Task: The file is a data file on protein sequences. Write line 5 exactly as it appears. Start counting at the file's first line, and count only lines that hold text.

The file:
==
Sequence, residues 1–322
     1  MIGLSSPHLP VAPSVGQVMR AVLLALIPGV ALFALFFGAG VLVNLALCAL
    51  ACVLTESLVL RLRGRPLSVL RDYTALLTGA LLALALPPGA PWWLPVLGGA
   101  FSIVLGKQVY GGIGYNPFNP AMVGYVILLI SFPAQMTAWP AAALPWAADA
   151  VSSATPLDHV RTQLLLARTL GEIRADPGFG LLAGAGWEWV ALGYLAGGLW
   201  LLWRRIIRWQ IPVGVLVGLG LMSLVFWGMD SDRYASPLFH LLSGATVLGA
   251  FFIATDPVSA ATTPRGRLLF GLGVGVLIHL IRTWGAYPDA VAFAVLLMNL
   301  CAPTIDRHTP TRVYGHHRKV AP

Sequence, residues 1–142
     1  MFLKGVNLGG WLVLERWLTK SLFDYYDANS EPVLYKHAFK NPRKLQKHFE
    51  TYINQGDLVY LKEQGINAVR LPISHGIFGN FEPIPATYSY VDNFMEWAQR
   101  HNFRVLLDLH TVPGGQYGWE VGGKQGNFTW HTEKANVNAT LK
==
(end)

   151  VSSATPLDHV RTQLLLARTL GEIRADPGFG LLAGAGWEWV ALGYLAGGLW